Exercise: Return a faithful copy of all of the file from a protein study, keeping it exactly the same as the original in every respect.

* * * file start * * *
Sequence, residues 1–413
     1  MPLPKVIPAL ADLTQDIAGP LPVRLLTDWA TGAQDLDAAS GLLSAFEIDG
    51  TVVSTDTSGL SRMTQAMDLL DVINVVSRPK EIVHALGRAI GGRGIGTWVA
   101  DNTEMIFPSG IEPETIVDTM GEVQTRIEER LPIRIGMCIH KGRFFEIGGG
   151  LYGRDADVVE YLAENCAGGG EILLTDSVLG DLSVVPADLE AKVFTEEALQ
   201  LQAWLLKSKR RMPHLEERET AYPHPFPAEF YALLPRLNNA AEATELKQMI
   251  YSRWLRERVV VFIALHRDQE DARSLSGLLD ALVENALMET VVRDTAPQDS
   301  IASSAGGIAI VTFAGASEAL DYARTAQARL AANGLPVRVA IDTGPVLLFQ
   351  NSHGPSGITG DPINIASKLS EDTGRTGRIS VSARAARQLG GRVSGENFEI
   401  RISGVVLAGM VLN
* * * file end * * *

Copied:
Sequence, residues 1–413
     1  MPLPKVIPAL ADLTQDIAGP LPVRLLTDWA TGAQDLDAAS GLLSAFEIDG
    51  TVVSTDTSGL SRMTQAMDLL DVINVVSRPK EIVHALGRAI GGRGIGTWVA
   101  DNTEMIFPSG IEPETIVDTM GEVQTRIEER LPIRIGMCIH KGRFFEIGGG
   151  LYGRDADVVE YLAENCAGGG EILLTDSVLG DLSVVPADLE AKVFTEEALQ
   201  LQAWLLKSKR RMPHLEERET AYPHPFPAEF YALLPRLNNA AEATELKQMI
   251  YSRWLRERVV VFIALHRDQE DARSLSGLLD ALVENALMET VVRDTAPQDS
   301  IASSAGGIAI VTFAGASEAL DYARTAQARL AANGLPVRVA IDTGPVLLFQ
   351  NSHGPSGITG DPINIASKLS EDTGRTGRIS VSARAARQLG GRVSGENFEI
   401  RISGVVLAGM VLN